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dc.contributor.advisorWoodhouse , Howard
dc.creatorHuntley, Jed
dc.date.accessioned2021-04-20T23:31:49Z
dc.date.available2021-04-20T23:31:49Z
dc.date.created2021-04
dc.date.issued2021-04-15
dc.date.submittedApril 2021
dc.identifier.urihttps://hdl.handle.net/10388/13341
dc.description.abstractAbstract This thesis is an account of my own journey into an Indigenous way of knowing, the teachings that stem from it and the potential path going forward. A decision-making process cemented in logic and reason, guided primarily by a Western way of knowing, marks the beginning of the journey. My journey into an Indigenous way of knowing is propelled by an inner urgency and a search for a deeper meaning to my existence. I engage in an extended conversation with a knowledge keeper of the Saulteaux traditional teachings of the Bear Clan and then reflect upon the meaning of these teachings. In doing so, the spiritual component of existence, which I have experienced through ceremony, is underlined as is its life-altering power to inform, alter and enhance my current way of knowing and being in this physical world. As Métis peoples we have been naturally gifted with two different ways of knowing. In order to make informed decisions about how to lead our physical existence, we need to understand both ways of knowing: to be able to see with both eyes. Neither system is inherently right or wrong. Hence, the extent to which each way of knowing becomes part of an individual Métis epistemology is a personal choice. Indigenous theory and Indigenous methodology are both used throughout the thesis. The concepts of Two-Eyed Seeing (Bartlett et al., 2012), narrative, storytelling, the conversational method as interview process, self-in-relation, self-referent and experiential learnings make meaning of the teachings and guide my reflections by providing the context for my insights. In the conclusion (chapter five), I write a letter to future Indigenous teachers, reflecting on the central role the spiritual component of existence can play in their journey as educators.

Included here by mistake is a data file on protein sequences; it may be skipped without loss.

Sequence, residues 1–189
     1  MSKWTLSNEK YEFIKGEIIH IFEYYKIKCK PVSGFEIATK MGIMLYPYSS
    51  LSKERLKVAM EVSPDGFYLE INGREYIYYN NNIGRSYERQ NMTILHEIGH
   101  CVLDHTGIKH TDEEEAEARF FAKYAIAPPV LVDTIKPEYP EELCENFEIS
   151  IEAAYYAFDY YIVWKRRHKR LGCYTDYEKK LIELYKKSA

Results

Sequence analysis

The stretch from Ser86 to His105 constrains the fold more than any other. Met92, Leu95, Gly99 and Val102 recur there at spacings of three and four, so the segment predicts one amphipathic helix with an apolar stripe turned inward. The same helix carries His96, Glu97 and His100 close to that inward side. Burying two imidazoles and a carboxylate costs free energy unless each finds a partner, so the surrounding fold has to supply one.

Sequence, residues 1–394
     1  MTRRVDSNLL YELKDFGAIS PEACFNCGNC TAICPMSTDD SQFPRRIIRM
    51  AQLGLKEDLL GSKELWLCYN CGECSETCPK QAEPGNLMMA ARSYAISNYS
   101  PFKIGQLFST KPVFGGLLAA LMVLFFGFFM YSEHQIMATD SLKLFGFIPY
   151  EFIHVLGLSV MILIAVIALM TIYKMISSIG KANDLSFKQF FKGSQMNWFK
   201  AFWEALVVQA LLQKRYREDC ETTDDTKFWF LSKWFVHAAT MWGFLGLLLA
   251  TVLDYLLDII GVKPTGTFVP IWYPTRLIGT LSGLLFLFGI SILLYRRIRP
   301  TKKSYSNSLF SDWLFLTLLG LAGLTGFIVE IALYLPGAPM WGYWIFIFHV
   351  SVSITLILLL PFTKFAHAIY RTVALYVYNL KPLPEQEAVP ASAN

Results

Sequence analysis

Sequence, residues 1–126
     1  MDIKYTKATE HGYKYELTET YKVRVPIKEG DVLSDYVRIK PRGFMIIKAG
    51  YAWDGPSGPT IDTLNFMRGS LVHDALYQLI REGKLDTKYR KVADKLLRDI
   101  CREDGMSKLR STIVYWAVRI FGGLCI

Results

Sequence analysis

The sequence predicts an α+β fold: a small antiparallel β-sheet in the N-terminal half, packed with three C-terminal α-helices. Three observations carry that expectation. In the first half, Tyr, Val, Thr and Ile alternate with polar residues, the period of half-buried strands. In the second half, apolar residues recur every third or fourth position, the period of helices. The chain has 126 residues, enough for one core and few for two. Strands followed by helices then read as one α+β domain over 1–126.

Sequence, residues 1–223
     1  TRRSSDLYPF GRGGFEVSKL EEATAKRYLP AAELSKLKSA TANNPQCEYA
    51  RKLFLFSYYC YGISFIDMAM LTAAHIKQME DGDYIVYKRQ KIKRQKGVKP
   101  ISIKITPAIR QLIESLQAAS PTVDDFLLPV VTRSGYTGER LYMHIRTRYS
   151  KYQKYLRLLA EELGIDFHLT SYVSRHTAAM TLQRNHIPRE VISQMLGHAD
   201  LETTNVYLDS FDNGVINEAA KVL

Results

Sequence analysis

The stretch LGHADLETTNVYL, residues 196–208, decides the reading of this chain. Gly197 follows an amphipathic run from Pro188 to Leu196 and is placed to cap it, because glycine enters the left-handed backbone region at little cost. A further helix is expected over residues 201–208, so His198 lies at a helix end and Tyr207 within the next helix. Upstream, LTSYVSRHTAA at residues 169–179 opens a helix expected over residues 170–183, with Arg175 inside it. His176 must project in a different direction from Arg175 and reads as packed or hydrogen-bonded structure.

dc.format.mimetypeapplication/pdf
dc.subjectIndigenous
dc.subjectSpirituality
dc.subjectSaulteaux
dc.subjectMétis
dc.subjectTwo-Eyed Seeing
dc.subjectCeremony
dc.subjectJourney
dc.subjectSelf
dc.subjectSUNTEP
dc.subjectSpiritual Teachings
dc.subjectTeacher Educators
dc.subjectAnishanabe
dc.subjectAnishinaabe
dc.subjectThe Way
dc.subjectBear Clan
dc.subjectIndigenous Spirituality
dc.subjectElder
dc.subjectKnowledge Holder
dc.titleSearching for a Better Way: My Journey into "Two-Eyed Seeing" - Reflections on Spiritual Teachings from a Saulteaux Knowledge Holder Relevant to future Indigenous Teachers
dc.typeThesis
dc.date.updated2021-04-20T23:31:49Z
thesis.degree.departmentEducational Foundations
thesis.degree.disciplineEducational Foundations
thesis.degree.grantorUniversity of Saskatchewan
thesis.degree.levelMasters
thesis.degree.nameMaster of Education (M.Ed.)
dc.type.materialtext
dc.contributor.committeeMemberKovach, Margaret
dc.contributor.committeeMemberMcVittie , Janet
dc.contributor.committeeMemberMacKay, Gail
dc.creator.orcid0000-0002-1258-5662


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